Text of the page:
News ID: 125717
Published: 0238 GMT August 30, 2015

Drug rehab centers for women, children on agenda

Drug rehab centers for women, children on agenda

Iran's Drug Control Headquarters has prioritized drug treatment programs for female and child drug addicts, said an advisor to the anti-narcotics squad. Najib Hosseini said the headquarters will set up drug rehabilitation centers for women and children if necessary.

 

A rehab center has been established in Tehran to accommodate women and child drug addicts, he said, noting it can cater for 100 people.

Hosseini said the addicts undergo training courses to beat addiction.

He likened addiction among women to a 'dormant bomb', which could go off out of the blue.

Official data show that there are 1.325 million drug addicts in Iran, of whom 10 percent are women.  This means that less than two percent of the Iranian population, which is about 75 million, suffer from drug addiction.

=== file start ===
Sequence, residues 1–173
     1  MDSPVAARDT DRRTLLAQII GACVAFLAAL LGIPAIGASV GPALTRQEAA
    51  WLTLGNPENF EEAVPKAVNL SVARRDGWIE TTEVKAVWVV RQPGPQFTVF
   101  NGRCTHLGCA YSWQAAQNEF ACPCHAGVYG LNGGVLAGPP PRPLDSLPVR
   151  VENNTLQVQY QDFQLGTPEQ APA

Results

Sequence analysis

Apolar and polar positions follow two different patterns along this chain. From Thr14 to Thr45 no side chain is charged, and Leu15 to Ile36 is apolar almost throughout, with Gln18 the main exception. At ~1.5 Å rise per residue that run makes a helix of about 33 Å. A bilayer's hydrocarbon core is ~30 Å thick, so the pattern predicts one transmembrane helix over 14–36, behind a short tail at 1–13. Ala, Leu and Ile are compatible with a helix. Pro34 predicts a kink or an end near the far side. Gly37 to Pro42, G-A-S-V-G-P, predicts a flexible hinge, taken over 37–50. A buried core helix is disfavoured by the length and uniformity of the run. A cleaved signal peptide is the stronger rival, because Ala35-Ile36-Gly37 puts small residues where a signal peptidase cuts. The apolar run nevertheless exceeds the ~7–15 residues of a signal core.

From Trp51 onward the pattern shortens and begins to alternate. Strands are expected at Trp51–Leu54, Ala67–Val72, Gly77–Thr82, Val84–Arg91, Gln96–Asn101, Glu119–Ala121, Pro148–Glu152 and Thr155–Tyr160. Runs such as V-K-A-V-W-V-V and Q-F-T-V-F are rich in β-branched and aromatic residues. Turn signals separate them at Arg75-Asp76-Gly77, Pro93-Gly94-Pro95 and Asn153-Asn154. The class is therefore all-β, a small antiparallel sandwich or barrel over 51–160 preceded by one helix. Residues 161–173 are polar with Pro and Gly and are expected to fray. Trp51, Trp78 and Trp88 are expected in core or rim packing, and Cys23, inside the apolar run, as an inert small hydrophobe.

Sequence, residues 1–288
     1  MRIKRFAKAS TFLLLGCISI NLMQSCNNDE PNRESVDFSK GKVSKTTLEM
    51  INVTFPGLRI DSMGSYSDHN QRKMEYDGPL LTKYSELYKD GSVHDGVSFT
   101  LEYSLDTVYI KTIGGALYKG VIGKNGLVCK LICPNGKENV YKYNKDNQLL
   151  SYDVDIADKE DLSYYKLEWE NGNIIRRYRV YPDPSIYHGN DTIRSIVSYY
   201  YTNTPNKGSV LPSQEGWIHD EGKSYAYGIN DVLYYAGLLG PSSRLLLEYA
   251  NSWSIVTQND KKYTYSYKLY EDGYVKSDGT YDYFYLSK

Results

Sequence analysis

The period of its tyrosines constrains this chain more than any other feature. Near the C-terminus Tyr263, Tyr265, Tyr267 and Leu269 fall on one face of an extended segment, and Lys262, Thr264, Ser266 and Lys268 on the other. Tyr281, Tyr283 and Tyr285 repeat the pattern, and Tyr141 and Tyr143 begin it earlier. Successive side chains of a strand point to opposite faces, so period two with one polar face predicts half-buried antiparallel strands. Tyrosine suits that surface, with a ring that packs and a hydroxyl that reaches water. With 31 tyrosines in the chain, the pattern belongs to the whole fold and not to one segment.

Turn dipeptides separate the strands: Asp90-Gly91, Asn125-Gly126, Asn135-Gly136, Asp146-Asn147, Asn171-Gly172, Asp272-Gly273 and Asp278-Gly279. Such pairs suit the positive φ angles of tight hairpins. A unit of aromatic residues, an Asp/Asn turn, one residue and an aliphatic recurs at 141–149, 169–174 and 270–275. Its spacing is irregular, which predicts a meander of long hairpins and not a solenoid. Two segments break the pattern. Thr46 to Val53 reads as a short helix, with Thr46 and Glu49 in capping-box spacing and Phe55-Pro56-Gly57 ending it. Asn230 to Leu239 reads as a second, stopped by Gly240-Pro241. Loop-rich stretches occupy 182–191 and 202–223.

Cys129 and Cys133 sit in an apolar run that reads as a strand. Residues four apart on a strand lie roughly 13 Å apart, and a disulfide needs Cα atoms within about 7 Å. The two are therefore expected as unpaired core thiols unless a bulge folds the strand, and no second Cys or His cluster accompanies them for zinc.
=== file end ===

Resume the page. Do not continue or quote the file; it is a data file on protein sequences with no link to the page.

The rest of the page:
Alireza Jazini, the deputy head of the headquarters, said 3,000 drug addicts fell victim to the gloomy phenomenon in the year to March 2015, noting that women constituted 300 of such deaths.

Jazini described drug addiction as the biggest shock of the third millennium, which aims to 'destroy generations'.

Interior Minister Abdolreza Rahmani-Fazli said last week that only 15 percent of drug addicts manage to overcome addiction while others struggle with its devastating consequences.

The minister said a large number of those suffering from AIDS are addicts.

Iran lies on a main transit route for the smuggling of opium and heroin from Afghanistan which eventually find their way across the Middle East to Europe.

Illicit drugs enter Iran through the border with Afghanistan or from Pakistan.

Iranian anti-drug police said they seized almost 500 tons of narcotics in the year to March 2015, which included 390 tons of opium and 10 tons of heroin.

Iran has spent colossal amounts to build a wall along its 1,800-kilometer border with Afghanistan and Pakistan to clamp down on smugglers. The work, which began in the 1990s, is expected to be completed by next March.

 

   
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